Utahns celebrated Pioneer Day last month, but hundreds of Hawaiians honored their Utah roots Monday with the dedication of a historical monument at the site of the former Mormon colony of Iosepa.
The occasion marked the 100th anniversary of the founding of the once thriving settlement in Skull Valley. President Gordon B. Hinckley, first counselor in the First Presidency of The Church of Jesus Christ of Latter-day Saints, gave the dedicatory address and prayer."This memorial will stand here as a fitting tribute to those who lived and died here and gave their lives as an expression of their faith in the Lord Jesus Christ," the church leader told the crowd gathered at the Iosepa cemetery, the only readily apparent remnant of the town.
"As we traveled down the highway today in our air-conditioned car, I pictured in my mind the trek of those who came 100 years ago today to this place and of how they must have felt on that occasion. But they set to work, and they made it beautiful. What appears to many to be a desert was in effect a garden spot, a place of beauty, music, sociality, worship and love one for another as they established here a colony of Hawaiian saints."
President Hinckley mentioned that on Arbor Day in 1899, 10 years after their coming, the colonists planted 300 walnut trees, 300 fruit trees and 100 ornamental trees.
"This was not the desert we see today," he said. "This was once a beautiful community and a part of a large mosaic of communities that our people established all over the West, in Utah, Arizona, Idaho, Nevada and California - 500 communities, at least, and among them stood Iosepa as a gem, a paradise, brought from the islands of the Pacific to the desert of the West."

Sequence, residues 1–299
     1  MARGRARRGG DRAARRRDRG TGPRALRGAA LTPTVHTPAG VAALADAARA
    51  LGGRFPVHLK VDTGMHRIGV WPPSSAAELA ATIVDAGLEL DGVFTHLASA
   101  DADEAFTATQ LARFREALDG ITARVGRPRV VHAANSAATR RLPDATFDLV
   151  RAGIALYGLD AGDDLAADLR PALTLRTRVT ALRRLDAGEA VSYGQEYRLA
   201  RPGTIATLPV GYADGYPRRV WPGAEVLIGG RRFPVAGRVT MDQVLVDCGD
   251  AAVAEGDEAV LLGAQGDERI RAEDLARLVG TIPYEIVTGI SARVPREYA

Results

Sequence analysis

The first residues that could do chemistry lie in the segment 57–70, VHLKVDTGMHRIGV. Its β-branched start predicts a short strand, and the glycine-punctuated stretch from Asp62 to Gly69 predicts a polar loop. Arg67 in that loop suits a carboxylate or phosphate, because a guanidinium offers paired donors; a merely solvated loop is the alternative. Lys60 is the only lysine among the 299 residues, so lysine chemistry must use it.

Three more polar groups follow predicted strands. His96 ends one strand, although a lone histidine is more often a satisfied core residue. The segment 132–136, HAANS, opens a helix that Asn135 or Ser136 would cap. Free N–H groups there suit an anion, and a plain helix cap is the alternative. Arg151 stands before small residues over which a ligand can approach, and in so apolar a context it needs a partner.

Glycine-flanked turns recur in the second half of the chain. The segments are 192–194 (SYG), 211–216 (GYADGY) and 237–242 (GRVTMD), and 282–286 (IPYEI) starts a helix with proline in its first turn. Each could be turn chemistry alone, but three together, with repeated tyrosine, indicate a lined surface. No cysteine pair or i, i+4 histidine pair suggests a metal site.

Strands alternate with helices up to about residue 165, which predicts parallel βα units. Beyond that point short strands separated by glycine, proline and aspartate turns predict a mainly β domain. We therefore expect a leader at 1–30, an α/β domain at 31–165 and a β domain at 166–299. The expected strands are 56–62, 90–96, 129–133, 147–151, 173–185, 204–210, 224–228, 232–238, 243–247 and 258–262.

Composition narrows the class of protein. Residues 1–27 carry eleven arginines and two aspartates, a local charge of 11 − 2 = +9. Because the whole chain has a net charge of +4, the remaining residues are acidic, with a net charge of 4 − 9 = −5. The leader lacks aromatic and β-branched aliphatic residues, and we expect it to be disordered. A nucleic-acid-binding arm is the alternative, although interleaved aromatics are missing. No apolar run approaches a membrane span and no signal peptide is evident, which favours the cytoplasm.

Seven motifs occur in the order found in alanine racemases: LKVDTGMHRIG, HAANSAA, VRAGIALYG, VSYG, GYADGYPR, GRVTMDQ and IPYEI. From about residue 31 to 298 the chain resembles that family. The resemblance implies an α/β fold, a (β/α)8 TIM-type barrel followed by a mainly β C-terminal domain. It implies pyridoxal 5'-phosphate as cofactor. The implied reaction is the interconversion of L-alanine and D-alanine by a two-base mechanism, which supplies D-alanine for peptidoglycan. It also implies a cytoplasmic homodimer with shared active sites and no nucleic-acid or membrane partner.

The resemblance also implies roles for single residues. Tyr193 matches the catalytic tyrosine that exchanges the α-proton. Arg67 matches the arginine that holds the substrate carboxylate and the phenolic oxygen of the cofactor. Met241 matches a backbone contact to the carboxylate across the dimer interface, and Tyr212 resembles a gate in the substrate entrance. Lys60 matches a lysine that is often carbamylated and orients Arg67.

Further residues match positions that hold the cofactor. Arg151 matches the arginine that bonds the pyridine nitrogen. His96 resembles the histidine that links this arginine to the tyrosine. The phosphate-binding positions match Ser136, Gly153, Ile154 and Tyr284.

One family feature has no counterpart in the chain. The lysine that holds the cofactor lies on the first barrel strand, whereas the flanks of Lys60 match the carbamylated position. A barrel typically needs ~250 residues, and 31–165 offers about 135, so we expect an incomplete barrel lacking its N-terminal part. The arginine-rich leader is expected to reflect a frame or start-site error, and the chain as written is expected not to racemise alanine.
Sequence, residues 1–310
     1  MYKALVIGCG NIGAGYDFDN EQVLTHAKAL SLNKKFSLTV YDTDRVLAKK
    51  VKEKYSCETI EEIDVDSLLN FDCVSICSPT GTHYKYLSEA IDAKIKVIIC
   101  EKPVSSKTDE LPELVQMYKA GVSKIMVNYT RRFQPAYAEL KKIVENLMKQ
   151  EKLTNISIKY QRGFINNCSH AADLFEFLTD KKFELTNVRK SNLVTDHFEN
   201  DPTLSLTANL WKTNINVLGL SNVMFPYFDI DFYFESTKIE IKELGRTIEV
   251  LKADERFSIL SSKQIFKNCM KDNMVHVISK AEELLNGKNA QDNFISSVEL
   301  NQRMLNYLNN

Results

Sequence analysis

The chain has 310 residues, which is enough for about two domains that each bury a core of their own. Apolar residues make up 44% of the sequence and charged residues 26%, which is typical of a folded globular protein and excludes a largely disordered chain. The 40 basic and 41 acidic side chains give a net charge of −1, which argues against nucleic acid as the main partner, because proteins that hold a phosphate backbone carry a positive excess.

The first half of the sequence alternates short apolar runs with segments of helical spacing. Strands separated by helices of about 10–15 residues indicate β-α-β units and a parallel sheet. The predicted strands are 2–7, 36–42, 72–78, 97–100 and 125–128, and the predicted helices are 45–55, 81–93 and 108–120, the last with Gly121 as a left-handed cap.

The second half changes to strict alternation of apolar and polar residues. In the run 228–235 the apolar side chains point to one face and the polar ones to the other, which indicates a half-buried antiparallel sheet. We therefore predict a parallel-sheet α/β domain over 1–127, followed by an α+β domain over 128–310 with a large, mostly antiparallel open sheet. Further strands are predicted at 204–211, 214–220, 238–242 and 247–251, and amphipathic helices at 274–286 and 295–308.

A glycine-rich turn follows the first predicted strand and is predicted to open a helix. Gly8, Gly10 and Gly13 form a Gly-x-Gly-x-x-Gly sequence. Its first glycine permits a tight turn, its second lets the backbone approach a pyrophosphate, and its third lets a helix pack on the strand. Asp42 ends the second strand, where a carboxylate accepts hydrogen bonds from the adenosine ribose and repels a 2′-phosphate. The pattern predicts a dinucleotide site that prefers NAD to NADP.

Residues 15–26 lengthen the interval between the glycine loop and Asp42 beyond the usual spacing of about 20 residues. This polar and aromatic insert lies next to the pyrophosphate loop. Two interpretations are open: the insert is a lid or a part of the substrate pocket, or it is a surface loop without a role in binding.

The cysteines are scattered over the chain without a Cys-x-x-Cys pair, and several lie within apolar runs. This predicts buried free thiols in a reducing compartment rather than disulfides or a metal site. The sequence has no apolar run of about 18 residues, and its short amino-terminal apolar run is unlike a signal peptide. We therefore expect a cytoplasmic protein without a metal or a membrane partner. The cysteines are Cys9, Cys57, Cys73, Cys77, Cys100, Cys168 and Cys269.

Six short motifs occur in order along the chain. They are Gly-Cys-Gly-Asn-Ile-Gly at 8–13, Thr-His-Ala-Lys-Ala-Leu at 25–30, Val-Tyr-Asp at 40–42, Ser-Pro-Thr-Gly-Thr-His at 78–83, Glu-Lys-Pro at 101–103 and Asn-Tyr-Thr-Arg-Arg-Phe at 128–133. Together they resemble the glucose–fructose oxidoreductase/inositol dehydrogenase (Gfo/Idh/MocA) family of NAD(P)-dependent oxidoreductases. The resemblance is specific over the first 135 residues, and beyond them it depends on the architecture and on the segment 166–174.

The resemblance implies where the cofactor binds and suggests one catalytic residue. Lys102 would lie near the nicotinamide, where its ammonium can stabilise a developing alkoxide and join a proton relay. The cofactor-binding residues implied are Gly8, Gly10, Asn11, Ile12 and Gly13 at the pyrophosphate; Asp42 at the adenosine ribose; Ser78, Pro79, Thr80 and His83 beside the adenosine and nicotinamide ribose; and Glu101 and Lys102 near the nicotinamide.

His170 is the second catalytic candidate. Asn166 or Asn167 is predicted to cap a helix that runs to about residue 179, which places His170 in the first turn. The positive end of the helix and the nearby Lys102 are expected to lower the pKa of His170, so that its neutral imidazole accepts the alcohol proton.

Among several speakers at the service was historian Dennis Atkins. He said that when Hawaiian converts to the church came to the Utah Territory in the 1870s and 1880s, much of the fertile bottom land had already been settled. A committee of white and Hawaiian church members considered possible sites for settlement in Cache, Weber, Utah and Tooele counties, finally choosing the Iosepa location.
The name Iosepa, Hawaiian for Joseph, was given in honor of Joseph F. Smith, president of the church at the time.
Atkins said the town thrived until 1917, when President Smith announced that a church temple would be built at Laie, Hawaii. Most of the Iosepa settlers, who had come to Utah mainly to perform ordinances in the church's temples in Utah, decided they must go back to Hawaii to help in the construction of the temple there, Atkins said. Thus, the Iosepa project ended.
The monument features a bust of a Polynesian warrior sculpted by Jan Fisher, an LDS sculptor from Laie, Hawaii. On the granite base are plaques telling the story of Iosepa and listing the names of the original settlers. There are 79 graves in the cemetery, and all the recorded names of the dead are listed on the monument.
Edwin L. Kamauoha Sr., president of the Iosepa Historical Society, said a $5,000 donation was received from Princess Abigail K. Kawananakoa of Hawaii to help in construction of the monument.